Dangerous Dogs

“Detroit Man Suffers Catastrophic Injuries from dogs in Pit Bull Pack Attack.” shrieked the Detroit Free Press headline.

For those of us who love dogs (and, I suppose, for those who fear them), the headline was typical of the sort of overblown rhetoric the mainstream press uses to attract new readers and keep old ones coming back. After all, nothing except sex sells as well as blood and butchery in today’s media-saturated world.   

Granted, it was a horrific attack. More than a dozen pit bulls, eight of which were adult, attacked Steve Constantine, 50, after he had offered to help feed them. The owner, Derrick Felton, 61, accepted Constantine’s help but reportedly ran away after the attack started. Both Felton and his mother, the owner of the home, are named in Constantine’s lawsuit.

Nature vs. Nurture

The dogs, some of whom were puppies, were not pets. They were raised like factory-farmed animals, struck and/or deprived of food for barking and growling, and given little or no friendly contact with any human other than Felton, who could hardly be described as friendly.

Sadly, meanness is not the pit bull’s natural behavior. Nor is it the nature of any of the “bully breeds”, whether pit, Cane Corso, Presa Canario, American Staffordshire terrier, the American pit bull terrier, the boxer, the bulldog, or the Boston terrier. In fact, in England, during the Victorian Era (1837–1901), pit bulls were kept as family pets because they were considered “nanny dogs” (i.e., good babysitters). Illustrations of family life from that period often show the pit bull laying on the floor next to its charge, a chubby baby in a long, white gown.

Pit bulls, known as “pitties” to their human fans, naturally show an inordinate degree of protectiveness when raised in human families, by people who love them. Pit bulls are charming, boisterous, a little goofy, often highly intelligent, and – if raised properly – very friendly. This means they do not make the best guard dogs, except as “inside” dogs protecting their home and family.

Raising them like feral children leads to all kinds of misbehavior. In Constantine’s case, it meant losing an arm and a leg. Training them to fight other dogs, as Felton was apparently doing, turns naturally affectionate pitties into monsters.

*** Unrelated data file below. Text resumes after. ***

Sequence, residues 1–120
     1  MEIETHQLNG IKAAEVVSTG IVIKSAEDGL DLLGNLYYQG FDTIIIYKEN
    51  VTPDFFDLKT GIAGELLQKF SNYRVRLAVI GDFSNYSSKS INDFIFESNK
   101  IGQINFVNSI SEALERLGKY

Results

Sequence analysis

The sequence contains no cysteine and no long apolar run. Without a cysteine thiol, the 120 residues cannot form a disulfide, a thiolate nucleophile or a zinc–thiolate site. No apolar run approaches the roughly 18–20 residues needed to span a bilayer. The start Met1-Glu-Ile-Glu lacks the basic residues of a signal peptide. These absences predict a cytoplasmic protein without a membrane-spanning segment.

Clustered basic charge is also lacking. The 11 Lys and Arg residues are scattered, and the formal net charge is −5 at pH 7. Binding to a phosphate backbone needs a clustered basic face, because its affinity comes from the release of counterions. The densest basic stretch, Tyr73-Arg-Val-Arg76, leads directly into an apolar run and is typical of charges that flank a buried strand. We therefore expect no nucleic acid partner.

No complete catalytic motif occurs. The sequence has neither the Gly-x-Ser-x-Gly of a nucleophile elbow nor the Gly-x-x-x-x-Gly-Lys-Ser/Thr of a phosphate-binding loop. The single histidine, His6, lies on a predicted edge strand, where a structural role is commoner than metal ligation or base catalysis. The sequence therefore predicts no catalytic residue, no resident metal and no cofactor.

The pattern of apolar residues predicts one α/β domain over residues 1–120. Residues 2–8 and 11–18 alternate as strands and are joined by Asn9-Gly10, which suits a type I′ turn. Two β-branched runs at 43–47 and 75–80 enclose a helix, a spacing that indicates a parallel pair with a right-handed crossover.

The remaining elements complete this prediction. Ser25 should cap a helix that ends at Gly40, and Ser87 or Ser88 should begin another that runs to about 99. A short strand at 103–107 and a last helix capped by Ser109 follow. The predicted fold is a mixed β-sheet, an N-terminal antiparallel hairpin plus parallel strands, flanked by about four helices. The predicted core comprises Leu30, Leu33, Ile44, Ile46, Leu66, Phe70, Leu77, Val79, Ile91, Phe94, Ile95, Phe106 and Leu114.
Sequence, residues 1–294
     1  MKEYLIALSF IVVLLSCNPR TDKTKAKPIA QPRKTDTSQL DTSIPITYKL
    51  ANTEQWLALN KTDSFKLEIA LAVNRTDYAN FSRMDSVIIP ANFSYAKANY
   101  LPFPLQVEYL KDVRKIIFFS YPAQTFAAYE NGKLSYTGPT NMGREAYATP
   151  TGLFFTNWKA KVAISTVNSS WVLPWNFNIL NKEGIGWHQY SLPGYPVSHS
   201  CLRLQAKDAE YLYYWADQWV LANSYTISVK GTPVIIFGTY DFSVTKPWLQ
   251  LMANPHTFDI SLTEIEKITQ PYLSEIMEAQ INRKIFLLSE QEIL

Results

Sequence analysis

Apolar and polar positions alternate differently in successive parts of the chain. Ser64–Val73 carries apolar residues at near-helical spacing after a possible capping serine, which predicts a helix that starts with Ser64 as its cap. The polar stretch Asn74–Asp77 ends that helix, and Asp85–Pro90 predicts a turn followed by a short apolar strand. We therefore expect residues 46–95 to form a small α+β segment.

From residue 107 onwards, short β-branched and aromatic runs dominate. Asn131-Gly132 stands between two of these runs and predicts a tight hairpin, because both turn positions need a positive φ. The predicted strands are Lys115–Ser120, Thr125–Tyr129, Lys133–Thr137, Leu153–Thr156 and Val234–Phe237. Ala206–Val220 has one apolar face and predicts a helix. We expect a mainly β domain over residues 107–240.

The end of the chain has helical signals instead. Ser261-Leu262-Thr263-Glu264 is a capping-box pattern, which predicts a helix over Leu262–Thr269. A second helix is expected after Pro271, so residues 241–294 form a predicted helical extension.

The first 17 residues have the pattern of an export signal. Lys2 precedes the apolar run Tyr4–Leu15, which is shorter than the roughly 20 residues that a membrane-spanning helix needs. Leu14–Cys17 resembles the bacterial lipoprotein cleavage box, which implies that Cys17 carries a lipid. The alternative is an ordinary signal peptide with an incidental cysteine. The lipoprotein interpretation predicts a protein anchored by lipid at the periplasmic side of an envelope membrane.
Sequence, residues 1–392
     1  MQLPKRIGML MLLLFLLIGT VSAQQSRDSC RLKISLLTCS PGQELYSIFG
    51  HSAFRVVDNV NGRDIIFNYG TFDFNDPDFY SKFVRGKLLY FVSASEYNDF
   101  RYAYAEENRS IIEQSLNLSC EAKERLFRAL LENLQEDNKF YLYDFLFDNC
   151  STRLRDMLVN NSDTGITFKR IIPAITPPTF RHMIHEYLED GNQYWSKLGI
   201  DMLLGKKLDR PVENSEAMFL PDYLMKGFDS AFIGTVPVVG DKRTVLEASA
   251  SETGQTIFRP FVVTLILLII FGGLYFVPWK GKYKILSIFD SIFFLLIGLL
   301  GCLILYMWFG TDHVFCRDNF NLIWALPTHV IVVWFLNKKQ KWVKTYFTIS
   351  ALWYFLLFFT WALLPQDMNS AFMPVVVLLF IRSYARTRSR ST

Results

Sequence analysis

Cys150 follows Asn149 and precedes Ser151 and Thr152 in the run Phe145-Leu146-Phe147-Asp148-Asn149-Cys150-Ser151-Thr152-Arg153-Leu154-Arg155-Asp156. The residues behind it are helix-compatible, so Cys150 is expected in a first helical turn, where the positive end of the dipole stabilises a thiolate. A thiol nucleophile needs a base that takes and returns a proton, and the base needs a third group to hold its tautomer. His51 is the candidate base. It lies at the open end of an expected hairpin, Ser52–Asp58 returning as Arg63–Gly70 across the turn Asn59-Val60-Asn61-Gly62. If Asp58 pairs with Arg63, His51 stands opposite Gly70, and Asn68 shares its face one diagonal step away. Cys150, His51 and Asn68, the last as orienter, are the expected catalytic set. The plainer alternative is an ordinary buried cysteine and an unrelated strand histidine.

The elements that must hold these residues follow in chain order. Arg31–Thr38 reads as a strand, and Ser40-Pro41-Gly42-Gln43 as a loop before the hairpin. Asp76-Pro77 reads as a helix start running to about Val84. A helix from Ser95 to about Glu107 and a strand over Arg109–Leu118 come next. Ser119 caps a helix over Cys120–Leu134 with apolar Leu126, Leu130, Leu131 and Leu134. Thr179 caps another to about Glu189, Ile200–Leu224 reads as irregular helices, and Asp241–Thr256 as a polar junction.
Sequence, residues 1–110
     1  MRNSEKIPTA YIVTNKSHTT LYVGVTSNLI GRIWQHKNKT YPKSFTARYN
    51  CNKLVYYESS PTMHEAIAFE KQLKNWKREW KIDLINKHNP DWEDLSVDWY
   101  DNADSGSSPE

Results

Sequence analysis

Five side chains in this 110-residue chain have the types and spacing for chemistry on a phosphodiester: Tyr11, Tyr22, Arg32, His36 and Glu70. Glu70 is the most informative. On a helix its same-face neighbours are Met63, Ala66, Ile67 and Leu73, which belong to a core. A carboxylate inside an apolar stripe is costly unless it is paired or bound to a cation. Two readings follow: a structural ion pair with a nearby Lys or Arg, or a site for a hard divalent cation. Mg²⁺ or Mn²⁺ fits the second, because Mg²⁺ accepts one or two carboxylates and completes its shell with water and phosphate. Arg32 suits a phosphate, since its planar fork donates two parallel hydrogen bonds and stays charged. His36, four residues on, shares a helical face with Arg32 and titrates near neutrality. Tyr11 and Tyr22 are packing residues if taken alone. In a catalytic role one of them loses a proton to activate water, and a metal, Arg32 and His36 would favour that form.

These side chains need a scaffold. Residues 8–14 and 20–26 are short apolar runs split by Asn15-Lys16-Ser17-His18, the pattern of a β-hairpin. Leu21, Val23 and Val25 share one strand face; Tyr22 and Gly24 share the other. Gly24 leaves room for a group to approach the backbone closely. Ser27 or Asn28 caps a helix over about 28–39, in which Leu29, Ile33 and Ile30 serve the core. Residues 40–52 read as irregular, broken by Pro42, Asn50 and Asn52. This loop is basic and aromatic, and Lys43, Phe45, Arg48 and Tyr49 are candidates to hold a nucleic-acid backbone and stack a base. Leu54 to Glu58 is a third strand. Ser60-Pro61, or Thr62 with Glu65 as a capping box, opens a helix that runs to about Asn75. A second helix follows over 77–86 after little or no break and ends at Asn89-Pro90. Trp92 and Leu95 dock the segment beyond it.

Dogs as Family

The pit bull’s strong protective instinct goes back a long way, into the dawn of man’s relationship with canines.

“That instinct, in fact, is the origin of the family unit,” according to animal behaviorists, who point out that canines have been guarding their human families for at least 15,000 years. (The only question that remains is, who domesticated whom?)

Dogs as Protection

Dogs, and specifically pit bulls, are even becoming the favorite among those concerned with rising crime.

Whether inner city or rural isolation, nothing is quite as effective as a barking dog inside the premises to discourage every type of mayhem, from the average burglar to the crazed drug addict.

Pit bulls are also the most sensible solution. A gun can fall into the wrong hands, and kill the wrong person(s). A knife is almost ineffectual against a determined assailant, but a pittie will not be confused by who is the aggressor, where to sink those impressive teeth, or even whether one’s human family is worth dying for.

As for a pit bull’s ability to protect, look no further than the wide jaw and well developed temporalis muscles that create the pit bull’s characteristic cheek bulge and seriously impressive bite force, enabling it to bite firmly and hang on virtually forever.  

Dogs as Companions

Pit bulls are very good companions. In fact, in tests run by the American Temperament Test Society, Inc., or ATTS, pitties scored above some dog breeds traditionally seen as “friendly”

The ATTS test, which rates various characteristics like aggression, friendliness, protectiveness (towards owners or handlers), shyness, stability, and the extent to which a dog will go to protect itself, is the benchmark standard for canine domesticity. Higher scores indicate lower sociability. To date, 728 out of 839 American Pit bull Terriers scored below the average. Well below Chihuahuas, for example, and terriers.

By comparison, the tiny, fluffy Bichon Frise scored 76.7 percent – scores that don’t surprise pit bull owners, who are constant witness to the affectionate, sometimes silly, but always conscientious guard-dog attitude of their pitties.

Most bites Are the Result of Misunderstandings

Another factor – and one that can only be corrected by professional training – is the pit bull’s protective instinct. The fact is, the majority of dog bites occur among children aged 1 to 10 years old.

The cause is simple. Usually, the pit bull guardian misinterpreted  a hug from your child’s friend as aggressive behavior. This can happen with any breed, but the pit bull’s bite force can turn a mishap into a tragedy.

Moreover, if your pittie bites, you may have a more difficult time defending it, and yourself, simply because of the pit bull’s undeserved reputation. In fact, in some cities and municipalities, your pitty may actually be illegal. If so, and even if you didn’t know it, you will need the services of a good law firm.

You can eliminate some of this danger, notes the legal website CK Law, by training both your dog and your child, and by supervising those times when your child, his or her friends, and your dog are in the same room. Because accidents happen no matter how careful you are.

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